Social Justice

In A Theory of Justice (1971), John Rawls argues that where a democracy exists “justice is the first virtue of social institutions.” Because democracy requires a substantive concern for equity, the faculty of the School of Education is committed, in theory and practice, to social justice. This commitment involves a vision of education that “extend[s] the principles of liberty, equality, and justice to the widest possible set of institutional and lived relations” (Giroux, 1983). We believe that an education centered on social justice prepares the highest quality of future teachers, school counselors, school psychologists, and administrators to assume an active role in shaping the social, cultural, and political future of their communities and beyond. We prepare educators to “cross physical, cultural, and economic borders as they develop shared meanings and purposes” (AACTE, 2003) in classrooms and other educational settings.

Realizing that inequalities persist in educational institutions, we are determined and committed to demonstrate democratic ideals for the teacher candidates and other school personnel in our programs. We recognize the challenges we face in preparing educators to be advocates for those on the margins of society. “Of the many challenges facing public schools today, none is more formidable than eliminating racial, ethnic, and economic inequities in educational opportunity and student achievement” (Larson and Ovando, 2001; Lather, 1991). Given the historical roots of injustice, we are committed to helping practitioners see the vast possibilities of moving toward an equitable and just world knowing that “extreme inequalities in matters of race, gender and class often survive on the implicit understanding that there is no alternative” (Ayers et al, 1998; Sen, 1992; Weis & Fine, 1993).

Our commitment to social justice is grounded in our accepting responsibility to expand the opportunities for an inclusive society. We believe “the substantive freedoms that we respectively enjoy are extremely contingent on personal, social and environmental circumstances” (Sen, 1992). With this in view, we are working to create a society that supports liberty, dignity, and freedom of expression for all. We develop in our students a deeper understanding of the quest for social justice. Also, we develop a respect for and a support of the inclusion of multiple cultures and voices in creating shared educational visions. We educate teacher candidates and other school personnel about issues of social injustice such as institutionalized racism, sexism, classism, and heterosexism (Fine et al, 1996; Nussbaum, 1999), and invite them to develop strategies and practices that challenge biases against non-English speakers, immigrants, and those with special needs. Thus, we strive not to reproduce the social, economic, political, and cultural inequities in society, but to explicitly build collaborations. These efforts will help to ensure input from all stakeholders and to generate opportunities for everyone to be co-owners, thus shifting the balance of power in ways that create a truly democratic society.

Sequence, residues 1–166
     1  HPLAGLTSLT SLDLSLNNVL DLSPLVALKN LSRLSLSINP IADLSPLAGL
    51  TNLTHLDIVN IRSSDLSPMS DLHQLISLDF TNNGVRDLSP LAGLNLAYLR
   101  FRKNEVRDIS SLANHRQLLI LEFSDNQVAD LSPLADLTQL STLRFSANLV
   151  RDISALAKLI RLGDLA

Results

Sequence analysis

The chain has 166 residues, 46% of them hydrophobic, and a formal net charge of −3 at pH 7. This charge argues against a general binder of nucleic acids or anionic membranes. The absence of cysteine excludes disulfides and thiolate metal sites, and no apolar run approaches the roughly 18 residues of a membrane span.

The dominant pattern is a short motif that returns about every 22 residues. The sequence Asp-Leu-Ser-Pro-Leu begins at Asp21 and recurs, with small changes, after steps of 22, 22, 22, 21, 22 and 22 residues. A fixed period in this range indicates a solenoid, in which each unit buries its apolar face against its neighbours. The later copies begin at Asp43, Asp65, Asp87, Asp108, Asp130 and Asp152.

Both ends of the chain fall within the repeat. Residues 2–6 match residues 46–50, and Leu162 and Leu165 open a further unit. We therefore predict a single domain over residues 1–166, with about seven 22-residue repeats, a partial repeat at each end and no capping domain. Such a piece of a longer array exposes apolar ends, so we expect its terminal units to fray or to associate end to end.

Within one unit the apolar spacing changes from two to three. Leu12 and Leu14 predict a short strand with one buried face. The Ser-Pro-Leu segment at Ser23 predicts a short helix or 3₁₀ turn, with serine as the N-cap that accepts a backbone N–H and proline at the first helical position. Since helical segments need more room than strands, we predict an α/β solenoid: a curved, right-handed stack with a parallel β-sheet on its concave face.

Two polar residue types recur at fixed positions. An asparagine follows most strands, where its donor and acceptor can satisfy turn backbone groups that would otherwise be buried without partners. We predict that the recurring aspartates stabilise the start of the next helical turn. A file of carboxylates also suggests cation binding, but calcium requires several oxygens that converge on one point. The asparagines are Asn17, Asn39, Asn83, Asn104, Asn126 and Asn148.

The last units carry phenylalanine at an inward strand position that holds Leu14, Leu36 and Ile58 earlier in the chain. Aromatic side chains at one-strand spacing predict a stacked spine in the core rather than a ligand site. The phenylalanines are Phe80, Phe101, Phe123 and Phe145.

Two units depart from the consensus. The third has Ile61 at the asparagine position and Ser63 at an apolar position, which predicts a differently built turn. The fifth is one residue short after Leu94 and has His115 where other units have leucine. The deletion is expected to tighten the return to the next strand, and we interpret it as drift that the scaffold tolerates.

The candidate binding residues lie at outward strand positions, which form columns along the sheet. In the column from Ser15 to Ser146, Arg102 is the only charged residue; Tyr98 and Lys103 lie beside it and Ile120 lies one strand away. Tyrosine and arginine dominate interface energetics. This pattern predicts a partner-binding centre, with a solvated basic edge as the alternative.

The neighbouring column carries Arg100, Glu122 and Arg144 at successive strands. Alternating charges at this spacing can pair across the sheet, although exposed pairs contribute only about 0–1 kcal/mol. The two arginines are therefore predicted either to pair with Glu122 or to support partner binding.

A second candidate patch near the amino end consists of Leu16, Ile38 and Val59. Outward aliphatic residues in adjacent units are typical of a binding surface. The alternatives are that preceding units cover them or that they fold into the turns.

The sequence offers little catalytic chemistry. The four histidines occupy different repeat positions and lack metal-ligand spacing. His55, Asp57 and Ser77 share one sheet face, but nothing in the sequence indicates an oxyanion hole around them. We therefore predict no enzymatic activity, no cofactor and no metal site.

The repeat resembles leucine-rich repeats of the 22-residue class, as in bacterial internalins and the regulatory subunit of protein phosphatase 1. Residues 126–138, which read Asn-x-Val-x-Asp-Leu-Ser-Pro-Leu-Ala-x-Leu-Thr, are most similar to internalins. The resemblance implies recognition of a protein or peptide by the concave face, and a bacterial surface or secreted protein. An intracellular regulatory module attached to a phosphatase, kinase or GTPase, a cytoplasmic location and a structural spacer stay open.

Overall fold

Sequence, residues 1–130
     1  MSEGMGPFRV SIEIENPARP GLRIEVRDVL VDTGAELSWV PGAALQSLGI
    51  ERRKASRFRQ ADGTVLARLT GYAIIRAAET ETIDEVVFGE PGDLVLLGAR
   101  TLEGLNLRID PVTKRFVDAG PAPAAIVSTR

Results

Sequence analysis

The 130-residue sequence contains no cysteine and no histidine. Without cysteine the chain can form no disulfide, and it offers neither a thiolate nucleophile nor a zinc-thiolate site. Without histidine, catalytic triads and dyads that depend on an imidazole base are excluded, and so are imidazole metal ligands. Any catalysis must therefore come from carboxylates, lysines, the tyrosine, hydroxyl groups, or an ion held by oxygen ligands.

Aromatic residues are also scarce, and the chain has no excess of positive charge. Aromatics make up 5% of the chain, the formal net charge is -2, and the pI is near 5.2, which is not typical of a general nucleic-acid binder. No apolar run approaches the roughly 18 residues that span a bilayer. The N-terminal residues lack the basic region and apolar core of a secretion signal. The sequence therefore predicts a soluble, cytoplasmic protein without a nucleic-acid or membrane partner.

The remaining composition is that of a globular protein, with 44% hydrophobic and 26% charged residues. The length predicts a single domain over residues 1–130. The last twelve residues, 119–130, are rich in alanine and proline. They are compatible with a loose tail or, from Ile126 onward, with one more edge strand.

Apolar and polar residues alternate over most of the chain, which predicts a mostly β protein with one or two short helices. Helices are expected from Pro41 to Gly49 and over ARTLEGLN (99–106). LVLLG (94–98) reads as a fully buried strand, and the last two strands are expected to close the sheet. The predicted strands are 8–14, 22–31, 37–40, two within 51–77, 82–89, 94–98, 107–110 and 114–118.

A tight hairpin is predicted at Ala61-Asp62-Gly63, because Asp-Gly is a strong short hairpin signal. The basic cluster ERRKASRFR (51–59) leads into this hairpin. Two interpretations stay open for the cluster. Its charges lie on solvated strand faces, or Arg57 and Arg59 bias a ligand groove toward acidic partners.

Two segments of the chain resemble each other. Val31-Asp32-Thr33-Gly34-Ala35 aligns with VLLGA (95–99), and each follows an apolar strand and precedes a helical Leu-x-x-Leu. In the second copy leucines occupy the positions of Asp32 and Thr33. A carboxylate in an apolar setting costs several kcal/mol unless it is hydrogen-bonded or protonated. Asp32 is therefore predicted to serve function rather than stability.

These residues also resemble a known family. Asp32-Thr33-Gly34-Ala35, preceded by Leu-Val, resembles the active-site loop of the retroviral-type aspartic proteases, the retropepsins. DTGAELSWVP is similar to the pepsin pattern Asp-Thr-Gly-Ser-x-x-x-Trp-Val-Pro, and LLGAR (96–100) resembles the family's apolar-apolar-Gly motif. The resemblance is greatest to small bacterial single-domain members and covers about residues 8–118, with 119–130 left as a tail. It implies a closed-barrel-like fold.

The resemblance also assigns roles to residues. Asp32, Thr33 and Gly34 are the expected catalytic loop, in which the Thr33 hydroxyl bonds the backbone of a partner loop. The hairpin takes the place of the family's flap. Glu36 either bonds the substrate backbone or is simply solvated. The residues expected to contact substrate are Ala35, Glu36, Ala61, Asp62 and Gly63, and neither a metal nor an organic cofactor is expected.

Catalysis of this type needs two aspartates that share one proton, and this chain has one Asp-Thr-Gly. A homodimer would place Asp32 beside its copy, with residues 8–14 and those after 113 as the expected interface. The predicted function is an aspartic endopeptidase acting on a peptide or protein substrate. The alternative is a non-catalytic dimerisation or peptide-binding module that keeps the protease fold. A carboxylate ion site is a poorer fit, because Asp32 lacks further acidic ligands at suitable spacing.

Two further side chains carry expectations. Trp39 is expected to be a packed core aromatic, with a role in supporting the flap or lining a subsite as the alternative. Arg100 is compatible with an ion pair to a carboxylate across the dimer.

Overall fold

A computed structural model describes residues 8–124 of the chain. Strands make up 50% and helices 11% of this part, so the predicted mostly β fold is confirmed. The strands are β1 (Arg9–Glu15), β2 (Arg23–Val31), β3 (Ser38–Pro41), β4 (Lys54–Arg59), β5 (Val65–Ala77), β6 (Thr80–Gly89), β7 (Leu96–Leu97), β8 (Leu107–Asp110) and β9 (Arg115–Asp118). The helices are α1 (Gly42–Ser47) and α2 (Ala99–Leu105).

Our teacher candidates and other school personnel are prepared to:

  • demonstrate a knowledge of, language for, and the ability to create educational environments based on various theories of social justice;
  • develop strategies that create classrooms and other educational settings that favor inclusiveness over alienation and promote high expectations for students from historically oppressed groups;
  • demonstrate in their practice strategies that support every student’s effort to reach the highest level of academic achievement and to use pedagogies that embrace the wide range of cultures represented in today’s classrooms;
  • demonstrate a knowledge of the basic rights of all human beings and to encourage critical thinking and a sense of community among the diverse students with whom they practice;
  • develop learning communities in partnership with other stakeholders in schools and their neighborhoods to build collaborations that are democratic and empowering for all citizens;
  • engage in conversations with school communities and others to support those most disadvantaged by the socioeconomic, racial, cultural, linguistic, and economic inequities in our schools and society; and
  • be caring advocates and change agents for all students and their families in pursuit of academic excellence and social equality.


American Association of Colleges in Teacher Education (2003) Service Learning Monograph No.3. Washington, D.C.

Ayers, W., J.A. Hunt, T. Quinn and M. Greene (1998). Teaching for Social Justice: A Democracy and Education Reader. New Press.

Fine, M., L. Powell, L. Weis and L. Mun Wong, eds. (1996). Off White: Readings on Race, Power and Society. New York: Routledge.

Giroux, H. (1983). Theory and Resistance in Education: A Pedagogy for the Opposition. New York: Bergin and Garvey Press.

Larson, C.L. and C.J. Ovando (2001). The Color of Bureaucracy: The Politics of Equity in Multicultural School Communities. Wadsworth Press.

Lather, P.A. (1991). Getting Smart: Feminist Research and Pedagogy with the Postmodern. New York: Routledge.

Nussbaum, M. (1999). Sex and Social Justice. New York: Oxford University Press.

Rawls, J. (1971). A Theory of Justice. Cambridge, Massachusetts: Harvard Press.

Sen, A. (1992). Inequality Re-examined. Cambridge, Massachusetts: Sage Publications.

Weis, L. and M. Fine, eds. (1993). Beyond Silenced Voices: Class, Race, and Gender in U.S. Schools. New York: State University of New York Press.

Brooklyn. All in.